Most actors want the audience to like them, and that leads to bad acting.
I've had all types of beautiful girls tell me that they ugly when they look in the mirror, as if it's someone else's reflection they see.
I am so used to having two faces. A face that I had for black America and a face for white America. When Obama became president, I lost both faces. Now I only have one face.
I have a very clear vision, and I come from film, where director is God, so if there's a clash, it's painful.
I look at my movies; I call my movies 'the kid.' It's like I'm giving birth. I'm in the cocoon, you know?
I don't know - I haven't seen any of my movies after I finish them. I leave the editing room; I don't go back.
As a film director and as film actors, you get used to a certain rhythm that's slow. But with TV, it's hurry, hurry, hurry, hurry, hurry. It's a different pace.
My dad was a cop. My mom worked at various jobs - she worked as a homemaker, a bank teller, a bartender.
I started casting. I cast music videos, but I kept getting fired from jobs because I was iconoclastic in my ways of casting.
I didn't have the sensibilities of your ordinary filmmaker, let alone your ordinary African-American filmmaker. My heroes were John Waters, Pedro Almodovar, and actors that were part of that world.
I went to school at Radnor High School. And I went to a liberal arts college in St. Louis, Missouri, called Lindenwood College.
My partner, Danny Strong, came to me with this idea of telling a story about my life and merging that with music and the hip-hop world. He wrote 'The Butler' and originally wanted to do 'Empire' also as a movie.
I was always in trouble. I was mischievous. And movies were always a part of my world.
I love actors, and I'm very protective of them. I trust them. It's a mutual trust.
When you're paying everybody nothing, I mean, they have homes to pay for. And my movies are like putting on theater. Nicole Kidman is at craft services, and John Cusack is moving furniture; there are no egos. The only ego is the story.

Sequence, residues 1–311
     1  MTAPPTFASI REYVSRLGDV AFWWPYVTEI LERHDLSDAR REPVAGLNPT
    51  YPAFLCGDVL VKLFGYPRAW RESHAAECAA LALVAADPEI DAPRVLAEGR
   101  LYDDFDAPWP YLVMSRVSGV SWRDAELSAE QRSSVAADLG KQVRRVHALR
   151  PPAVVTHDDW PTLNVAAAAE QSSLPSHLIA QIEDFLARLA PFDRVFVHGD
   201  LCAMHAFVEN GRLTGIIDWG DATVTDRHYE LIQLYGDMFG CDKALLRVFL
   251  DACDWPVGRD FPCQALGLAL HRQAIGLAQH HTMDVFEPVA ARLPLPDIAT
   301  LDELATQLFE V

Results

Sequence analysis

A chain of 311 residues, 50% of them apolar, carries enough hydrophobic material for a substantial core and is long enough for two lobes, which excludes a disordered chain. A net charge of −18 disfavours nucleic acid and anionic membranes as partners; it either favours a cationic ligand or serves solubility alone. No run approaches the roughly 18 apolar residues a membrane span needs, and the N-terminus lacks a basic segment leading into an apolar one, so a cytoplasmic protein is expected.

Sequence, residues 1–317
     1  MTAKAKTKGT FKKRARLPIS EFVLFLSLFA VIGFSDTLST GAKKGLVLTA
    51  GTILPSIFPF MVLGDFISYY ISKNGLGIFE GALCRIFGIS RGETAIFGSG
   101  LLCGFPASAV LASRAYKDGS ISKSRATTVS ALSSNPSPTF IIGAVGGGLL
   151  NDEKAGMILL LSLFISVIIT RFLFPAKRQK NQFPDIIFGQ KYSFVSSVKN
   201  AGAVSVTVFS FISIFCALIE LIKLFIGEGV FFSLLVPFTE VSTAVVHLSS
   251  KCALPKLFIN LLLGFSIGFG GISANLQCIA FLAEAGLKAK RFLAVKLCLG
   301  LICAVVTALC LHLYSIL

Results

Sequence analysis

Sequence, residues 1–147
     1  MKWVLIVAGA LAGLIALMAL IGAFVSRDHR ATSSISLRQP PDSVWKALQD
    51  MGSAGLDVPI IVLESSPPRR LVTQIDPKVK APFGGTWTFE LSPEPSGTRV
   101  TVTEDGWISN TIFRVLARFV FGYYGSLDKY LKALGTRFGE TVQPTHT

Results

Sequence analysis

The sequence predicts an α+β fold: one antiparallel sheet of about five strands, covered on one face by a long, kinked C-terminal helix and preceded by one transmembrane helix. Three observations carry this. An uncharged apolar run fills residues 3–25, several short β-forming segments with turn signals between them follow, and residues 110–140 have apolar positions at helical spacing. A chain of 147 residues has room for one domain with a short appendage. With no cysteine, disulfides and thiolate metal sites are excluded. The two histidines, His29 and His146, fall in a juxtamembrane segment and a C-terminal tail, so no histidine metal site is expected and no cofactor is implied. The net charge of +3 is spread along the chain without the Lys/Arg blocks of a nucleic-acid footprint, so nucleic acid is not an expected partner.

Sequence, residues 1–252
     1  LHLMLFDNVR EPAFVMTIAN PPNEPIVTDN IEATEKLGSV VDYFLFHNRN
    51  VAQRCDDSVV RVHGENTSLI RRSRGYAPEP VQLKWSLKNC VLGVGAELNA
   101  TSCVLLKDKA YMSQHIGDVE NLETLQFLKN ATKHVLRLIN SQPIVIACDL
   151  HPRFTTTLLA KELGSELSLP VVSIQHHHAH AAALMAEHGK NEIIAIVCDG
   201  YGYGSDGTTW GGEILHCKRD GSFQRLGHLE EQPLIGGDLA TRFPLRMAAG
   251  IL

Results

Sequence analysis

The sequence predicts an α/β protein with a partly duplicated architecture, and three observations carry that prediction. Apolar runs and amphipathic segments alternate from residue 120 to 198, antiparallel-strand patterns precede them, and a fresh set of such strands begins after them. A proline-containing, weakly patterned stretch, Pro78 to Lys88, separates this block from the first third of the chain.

I had trained myself not to go to the bathroom throughout my elementary and junior high school years because I was bullied. And you don't understand why you're being bullied, so you just suppress it.
Putting on a movie is like going to war - for me, at least. It's all about time; time is money, and we don't have it. So it's all about getting to know each other intimately quickly. You are with family members that you like or don't like, but you can't leave them because you're stuck with them.
I want to see movies I can walk away from and say, 'Wait, what happened there? Hold up, what did I just see? What?' and then it connects to something that you personally, unequivocally know to be truth.
My earliest experience was reading Edward Albee's 'Who's Afraid of Virginia Woolf?' at 8, you know, with a bunch of kids on my steps - on the stoops - and knowing that I wanted to direct them saying the lines. I don't really know how to articulate that 'cause there wasn't someone to show me.